This way, we can directly interact with unimportable types in the short term, exactly how we would in C++ and with no need to annotate the source or add API notes. As types become importable source code can be updated on the developer's time frame to use a newly-importable T instead of UnsafePointer<T>. Going forward, as Swift finalizes semantics for borrows and move-only types, we can use UnsafePointer as an escape hatch where Swift's semantics don't support certain use cases (since Swift prioritizes progressive disclosure and safety more than C++, I think it is safe to expect Swift's version of these semantics to be more restrictive than C++).

Regarding import:reference, there will still be a need to mark certain types as import:reference when they match the semantics of Swift's class, but it will no longer be necessary to do this for types with customized value semantics that have pointer-based APIs.

I'd love to hear your thoughts!

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I'm not up to speed on C++ interop but I have some thoughts.

Implement a .new static method on UnsafePointer
a delete method also makes sense

UnsafeMutablePointer already has allocate, initialize, deinitialize, and deallocate functions. The compiler could generate an overload of initialize that takes the C++ type's constructor arguments. It would make sense to me that deinitialize would call the C++ destructor but I don't know if that is the plan/has been implemented. Assuming the above, new and delete functions could be nice but shouldn't actually be necessary.

Import C++ methods directly on UnsafePointer<T> when that API can operate on an instance of T by reference.

This seems semantically confusing. UnsafePointer and UnsafeMutablePointer already have apis of their own that explicitly deal with pointer things. Mixing in members of the underlying pointee type mixes up the semantics. Also how should naming conflicts between the Swift UnsafePointer and C++ members be resolved?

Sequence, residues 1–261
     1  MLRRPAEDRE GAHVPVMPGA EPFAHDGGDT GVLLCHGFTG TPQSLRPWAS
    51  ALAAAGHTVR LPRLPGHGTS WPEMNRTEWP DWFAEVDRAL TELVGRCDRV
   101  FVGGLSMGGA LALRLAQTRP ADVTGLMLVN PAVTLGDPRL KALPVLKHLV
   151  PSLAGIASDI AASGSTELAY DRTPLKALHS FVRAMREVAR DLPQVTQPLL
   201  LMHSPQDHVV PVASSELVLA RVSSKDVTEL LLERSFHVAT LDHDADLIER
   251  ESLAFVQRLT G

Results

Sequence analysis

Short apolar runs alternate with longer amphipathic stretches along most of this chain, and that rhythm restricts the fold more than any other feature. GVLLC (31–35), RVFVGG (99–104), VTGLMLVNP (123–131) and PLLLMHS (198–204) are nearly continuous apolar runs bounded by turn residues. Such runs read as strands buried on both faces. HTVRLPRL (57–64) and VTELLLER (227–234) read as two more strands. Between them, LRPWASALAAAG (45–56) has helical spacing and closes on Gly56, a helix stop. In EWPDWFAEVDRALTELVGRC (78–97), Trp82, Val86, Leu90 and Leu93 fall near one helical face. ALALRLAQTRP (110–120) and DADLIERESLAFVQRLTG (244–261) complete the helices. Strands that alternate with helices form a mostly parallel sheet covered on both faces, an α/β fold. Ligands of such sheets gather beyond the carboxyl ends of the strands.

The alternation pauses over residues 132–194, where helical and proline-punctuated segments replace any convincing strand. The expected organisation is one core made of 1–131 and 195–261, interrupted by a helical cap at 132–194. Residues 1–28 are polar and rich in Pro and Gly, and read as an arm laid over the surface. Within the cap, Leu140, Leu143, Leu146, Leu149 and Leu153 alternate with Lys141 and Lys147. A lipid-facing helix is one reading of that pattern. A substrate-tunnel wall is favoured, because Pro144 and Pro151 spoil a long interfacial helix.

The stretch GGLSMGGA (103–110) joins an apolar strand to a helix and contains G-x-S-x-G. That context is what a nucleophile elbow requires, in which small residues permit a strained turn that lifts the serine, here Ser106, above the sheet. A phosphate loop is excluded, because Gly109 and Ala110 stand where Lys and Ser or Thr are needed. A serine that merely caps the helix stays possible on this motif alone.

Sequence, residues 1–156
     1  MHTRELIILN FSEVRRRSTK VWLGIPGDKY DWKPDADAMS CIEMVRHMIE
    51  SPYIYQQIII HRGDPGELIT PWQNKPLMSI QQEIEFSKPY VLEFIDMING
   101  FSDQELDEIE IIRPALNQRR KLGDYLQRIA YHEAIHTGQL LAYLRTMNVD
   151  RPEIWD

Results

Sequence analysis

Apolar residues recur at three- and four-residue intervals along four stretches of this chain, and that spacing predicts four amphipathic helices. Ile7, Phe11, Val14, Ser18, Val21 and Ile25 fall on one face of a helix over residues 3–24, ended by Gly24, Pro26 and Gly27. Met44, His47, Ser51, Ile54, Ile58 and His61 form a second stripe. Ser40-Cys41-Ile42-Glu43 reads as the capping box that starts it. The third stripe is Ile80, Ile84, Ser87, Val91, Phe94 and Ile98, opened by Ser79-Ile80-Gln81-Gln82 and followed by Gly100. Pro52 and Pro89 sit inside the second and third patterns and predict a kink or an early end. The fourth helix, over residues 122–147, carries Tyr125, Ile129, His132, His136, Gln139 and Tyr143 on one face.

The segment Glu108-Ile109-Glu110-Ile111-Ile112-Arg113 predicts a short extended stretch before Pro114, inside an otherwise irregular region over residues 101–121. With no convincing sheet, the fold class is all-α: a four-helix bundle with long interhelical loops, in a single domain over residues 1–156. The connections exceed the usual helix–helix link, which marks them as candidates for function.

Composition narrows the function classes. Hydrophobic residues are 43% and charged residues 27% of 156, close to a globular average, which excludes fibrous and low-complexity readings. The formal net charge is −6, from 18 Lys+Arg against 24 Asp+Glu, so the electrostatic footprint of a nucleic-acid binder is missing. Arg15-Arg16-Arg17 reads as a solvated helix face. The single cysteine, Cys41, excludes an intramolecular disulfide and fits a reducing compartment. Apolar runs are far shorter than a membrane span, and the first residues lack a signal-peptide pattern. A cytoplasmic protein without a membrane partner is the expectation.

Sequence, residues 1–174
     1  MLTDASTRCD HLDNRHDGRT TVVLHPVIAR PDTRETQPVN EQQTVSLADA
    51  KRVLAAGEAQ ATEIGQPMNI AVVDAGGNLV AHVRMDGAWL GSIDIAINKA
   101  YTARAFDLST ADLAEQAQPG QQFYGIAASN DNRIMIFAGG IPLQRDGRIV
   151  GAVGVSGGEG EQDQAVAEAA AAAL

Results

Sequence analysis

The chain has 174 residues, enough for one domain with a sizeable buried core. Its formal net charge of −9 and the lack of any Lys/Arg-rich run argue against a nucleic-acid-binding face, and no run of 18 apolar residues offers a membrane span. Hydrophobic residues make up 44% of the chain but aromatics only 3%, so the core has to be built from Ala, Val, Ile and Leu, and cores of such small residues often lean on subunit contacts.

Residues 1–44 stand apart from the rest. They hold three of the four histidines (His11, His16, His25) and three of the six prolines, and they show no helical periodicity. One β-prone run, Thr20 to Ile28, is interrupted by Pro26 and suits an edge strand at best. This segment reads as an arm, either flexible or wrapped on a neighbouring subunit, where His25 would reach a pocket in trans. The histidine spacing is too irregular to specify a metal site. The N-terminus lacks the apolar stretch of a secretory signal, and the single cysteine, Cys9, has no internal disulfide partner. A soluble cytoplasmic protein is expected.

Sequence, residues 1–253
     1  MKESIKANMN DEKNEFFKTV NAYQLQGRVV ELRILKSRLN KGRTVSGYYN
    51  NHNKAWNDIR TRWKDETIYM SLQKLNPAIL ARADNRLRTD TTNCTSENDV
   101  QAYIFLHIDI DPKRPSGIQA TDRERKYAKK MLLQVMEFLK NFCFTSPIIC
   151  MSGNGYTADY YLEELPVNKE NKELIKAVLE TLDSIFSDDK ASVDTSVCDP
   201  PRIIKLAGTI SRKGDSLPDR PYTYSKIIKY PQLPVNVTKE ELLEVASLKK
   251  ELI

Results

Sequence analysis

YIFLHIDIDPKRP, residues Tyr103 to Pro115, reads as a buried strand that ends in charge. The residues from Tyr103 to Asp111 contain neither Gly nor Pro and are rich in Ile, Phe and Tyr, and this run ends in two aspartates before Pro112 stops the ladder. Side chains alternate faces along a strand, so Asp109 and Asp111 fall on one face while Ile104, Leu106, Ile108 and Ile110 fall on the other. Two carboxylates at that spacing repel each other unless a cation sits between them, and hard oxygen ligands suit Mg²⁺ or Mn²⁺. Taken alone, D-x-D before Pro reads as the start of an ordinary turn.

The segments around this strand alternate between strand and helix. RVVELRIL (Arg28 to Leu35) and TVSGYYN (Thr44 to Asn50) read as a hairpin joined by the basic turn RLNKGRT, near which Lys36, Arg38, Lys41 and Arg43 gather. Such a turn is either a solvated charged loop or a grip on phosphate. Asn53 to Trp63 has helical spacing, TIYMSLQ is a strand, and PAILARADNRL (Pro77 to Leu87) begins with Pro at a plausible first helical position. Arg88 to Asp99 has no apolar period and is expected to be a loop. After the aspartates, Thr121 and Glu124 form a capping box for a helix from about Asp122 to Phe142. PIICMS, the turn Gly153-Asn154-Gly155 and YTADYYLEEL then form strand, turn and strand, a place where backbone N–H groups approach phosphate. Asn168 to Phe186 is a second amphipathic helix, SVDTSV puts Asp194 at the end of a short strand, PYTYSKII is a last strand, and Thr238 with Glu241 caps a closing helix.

I see in the interop manifesto section dealing with move-only types:

The compiler would only allow UnsafePointers to them, and would allow calling methods on UnsafePointer.pointee

with this example:

func useOneFile(_ f: UnsafeMutablePointer<File>) {
  // var f2 = f.pointee // compile-time error: can only call a method on 'pointee'.
  print(f.pointee.ReadAll()) // OK

  // Move `f` to a different memory location.
  var f2 = UnsafeMutablePointer<File>.allocate(capacity: 1)
  f2.moveInitialize(from: f, count: 1)
  // `f` is left uninitialized now.

  print(f2.pointee.ReadAll()) // OK
  f2.deallocate() // OK
  // The file is closed now.

This approach looks reasonable to me, allowing C++ type member access without conflating the pointer and underling types. Has this just not been implemented yet?

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This is an aesthetic question, and I'm not strongly one way or the other. I thought using the C++ terms might be clearer, but accept arguments to the contrary.

Oh wow I completely missed this, thanks for the link. Yes, such an approach would work. @zoecarver @Alex_L is this still the plan-of-record?

No, we currently don't support working with non-copyable types via UnsafePointer types or accessing their methods via .pointee. I don't think we intended to support this kind of use case at the moment until Swift gets support for move only types and borrows, but @zoecarver can correct me if I'm wrong.

I guess my pitch can be rephrased then as “maybe we can make this work without fully supporting move only types?” I’m not sure how much of a hack it would be to have pointee be a special thing that can only be accessed directly on UnsafePointer (and how weird it would be that you can’t store that value).

I will say it’s starting to look like for my use case this is a blocker, and import:reference doesn’t really create a compelling enough alternative, especially without API notes support.